In order to better prevent truck accidents and save lives, a new provision that took effect a year ago was added to the Hours of Service rule for truck drivers. The provision limits the maximum average work week for truck drivers to 70 hours instead of 82 hours. The provision also allows truck drivers who reach the maximum 70 hours of driving within a week to resume if they rest for 34 consecutive hours, including at least two nights when their body clock demands sleep the most – from 1-5 a.m and require truck drivers to take a 30-minute break during the first eight hours of a shift.
This week at the Senate Hearing on Truck Safety, the 34-hour restart provision was at the center of the discussions. Some senators waned to suspend the provision while the FMCSA studies its impact on safety arguing mostly that too many trucks are hitting the road at dawn. Anne Ferro, chief of the Federal Motor Carrier Safety Administration, defended the restart. She said that the provision helps in saving 400 lives a year and doesn’t affect truck companies. She also said that the agency estimates the provision is putting about 250,000 more trucks on the road, “a drop in the bucket compared to the 10 million” already on the road.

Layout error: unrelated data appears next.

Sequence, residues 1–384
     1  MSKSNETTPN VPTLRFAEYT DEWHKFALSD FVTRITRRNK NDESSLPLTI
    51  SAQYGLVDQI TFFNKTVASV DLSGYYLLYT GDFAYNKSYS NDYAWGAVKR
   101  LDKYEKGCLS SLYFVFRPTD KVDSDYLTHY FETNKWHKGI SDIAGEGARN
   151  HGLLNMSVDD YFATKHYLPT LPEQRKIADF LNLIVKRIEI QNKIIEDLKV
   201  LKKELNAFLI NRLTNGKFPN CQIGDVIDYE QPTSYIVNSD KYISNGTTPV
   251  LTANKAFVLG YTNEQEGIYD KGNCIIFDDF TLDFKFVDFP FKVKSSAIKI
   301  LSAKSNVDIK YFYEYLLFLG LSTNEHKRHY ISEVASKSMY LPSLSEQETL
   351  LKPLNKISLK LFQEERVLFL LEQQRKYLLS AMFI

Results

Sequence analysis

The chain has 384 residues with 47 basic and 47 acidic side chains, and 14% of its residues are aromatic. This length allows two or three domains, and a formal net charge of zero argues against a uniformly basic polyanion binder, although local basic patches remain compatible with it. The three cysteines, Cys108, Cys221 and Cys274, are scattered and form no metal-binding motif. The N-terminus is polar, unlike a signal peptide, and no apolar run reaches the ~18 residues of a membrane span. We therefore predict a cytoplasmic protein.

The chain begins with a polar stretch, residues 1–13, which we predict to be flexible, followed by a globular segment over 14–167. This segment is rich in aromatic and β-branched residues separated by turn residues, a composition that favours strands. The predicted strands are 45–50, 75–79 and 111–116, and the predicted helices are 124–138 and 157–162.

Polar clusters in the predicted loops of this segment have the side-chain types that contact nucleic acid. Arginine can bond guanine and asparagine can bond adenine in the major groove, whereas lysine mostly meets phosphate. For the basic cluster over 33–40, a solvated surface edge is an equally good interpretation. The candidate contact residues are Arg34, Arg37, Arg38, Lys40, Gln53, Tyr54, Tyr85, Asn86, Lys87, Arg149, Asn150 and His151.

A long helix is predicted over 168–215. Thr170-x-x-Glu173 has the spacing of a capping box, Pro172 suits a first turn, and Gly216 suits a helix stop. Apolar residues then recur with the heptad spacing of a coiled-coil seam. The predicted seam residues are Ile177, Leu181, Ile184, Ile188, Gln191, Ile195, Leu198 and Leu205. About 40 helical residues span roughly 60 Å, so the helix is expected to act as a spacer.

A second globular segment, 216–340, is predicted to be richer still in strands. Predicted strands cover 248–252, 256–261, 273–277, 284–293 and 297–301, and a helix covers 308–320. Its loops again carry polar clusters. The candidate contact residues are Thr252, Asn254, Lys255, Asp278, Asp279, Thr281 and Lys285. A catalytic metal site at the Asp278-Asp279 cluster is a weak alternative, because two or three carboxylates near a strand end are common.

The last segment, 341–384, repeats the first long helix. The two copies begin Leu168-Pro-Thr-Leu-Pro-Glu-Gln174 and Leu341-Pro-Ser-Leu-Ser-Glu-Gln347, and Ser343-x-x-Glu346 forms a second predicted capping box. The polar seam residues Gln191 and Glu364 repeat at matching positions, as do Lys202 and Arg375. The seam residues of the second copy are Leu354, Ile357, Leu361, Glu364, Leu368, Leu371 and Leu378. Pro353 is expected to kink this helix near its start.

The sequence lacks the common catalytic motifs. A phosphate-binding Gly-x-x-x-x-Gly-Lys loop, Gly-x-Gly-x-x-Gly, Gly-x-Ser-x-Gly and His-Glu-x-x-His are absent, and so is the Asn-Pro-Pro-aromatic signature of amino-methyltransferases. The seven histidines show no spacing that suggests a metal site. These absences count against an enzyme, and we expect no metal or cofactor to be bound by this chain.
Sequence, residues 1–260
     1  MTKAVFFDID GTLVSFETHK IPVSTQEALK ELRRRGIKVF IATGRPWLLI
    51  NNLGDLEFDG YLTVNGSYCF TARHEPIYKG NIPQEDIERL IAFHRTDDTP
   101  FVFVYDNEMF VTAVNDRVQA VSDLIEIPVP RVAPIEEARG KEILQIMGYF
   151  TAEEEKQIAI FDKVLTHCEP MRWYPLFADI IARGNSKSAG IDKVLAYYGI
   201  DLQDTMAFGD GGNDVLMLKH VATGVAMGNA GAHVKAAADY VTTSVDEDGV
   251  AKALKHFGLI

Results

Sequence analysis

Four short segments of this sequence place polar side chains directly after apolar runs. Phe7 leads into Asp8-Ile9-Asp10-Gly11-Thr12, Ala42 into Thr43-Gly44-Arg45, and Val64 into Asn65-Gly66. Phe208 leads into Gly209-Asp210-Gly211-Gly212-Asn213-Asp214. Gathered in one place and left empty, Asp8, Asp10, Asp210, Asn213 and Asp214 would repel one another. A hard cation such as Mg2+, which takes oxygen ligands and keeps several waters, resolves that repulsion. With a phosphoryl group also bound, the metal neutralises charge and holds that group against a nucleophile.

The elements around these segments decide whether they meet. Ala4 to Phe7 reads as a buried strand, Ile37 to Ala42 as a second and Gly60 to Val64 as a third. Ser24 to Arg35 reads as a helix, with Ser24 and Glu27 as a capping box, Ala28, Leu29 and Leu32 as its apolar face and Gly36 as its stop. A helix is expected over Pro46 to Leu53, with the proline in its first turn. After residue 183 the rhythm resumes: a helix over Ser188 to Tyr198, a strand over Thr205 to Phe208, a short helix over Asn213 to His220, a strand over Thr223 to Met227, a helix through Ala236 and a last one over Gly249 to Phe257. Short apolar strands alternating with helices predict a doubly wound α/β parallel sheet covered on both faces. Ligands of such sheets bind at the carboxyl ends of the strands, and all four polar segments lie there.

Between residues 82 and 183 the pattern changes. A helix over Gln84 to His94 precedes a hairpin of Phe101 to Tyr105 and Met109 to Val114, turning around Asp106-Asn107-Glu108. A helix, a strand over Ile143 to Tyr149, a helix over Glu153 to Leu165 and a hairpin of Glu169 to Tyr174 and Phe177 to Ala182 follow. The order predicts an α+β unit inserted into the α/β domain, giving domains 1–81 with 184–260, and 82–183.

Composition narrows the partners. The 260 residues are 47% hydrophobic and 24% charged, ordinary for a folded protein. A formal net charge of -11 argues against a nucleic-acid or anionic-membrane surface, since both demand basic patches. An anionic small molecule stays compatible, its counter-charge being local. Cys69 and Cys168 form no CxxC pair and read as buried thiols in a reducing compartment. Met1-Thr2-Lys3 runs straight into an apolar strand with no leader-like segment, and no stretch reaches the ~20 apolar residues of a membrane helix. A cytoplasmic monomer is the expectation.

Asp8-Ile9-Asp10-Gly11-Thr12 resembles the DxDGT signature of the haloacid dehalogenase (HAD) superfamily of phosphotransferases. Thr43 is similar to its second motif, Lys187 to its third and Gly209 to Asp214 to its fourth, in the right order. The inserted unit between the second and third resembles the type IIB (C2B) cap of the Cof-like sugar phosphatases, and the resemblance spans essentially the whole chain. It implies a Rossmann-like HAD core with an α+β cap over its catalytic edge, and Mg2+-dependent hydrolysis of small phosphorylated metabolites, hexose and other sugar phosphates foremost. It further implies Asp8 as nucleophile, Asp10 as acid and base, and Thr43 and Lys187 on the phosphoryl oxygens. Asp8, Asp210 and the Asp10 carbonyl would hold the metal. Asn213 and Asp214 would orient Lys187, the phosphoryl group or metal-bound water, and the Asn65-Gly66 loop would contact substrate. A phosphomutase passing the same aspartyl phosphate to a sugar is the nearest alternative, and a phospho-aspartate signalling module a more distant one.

Read more in Heavy Duty Trucking website
Picture: courtesy of Wikipedia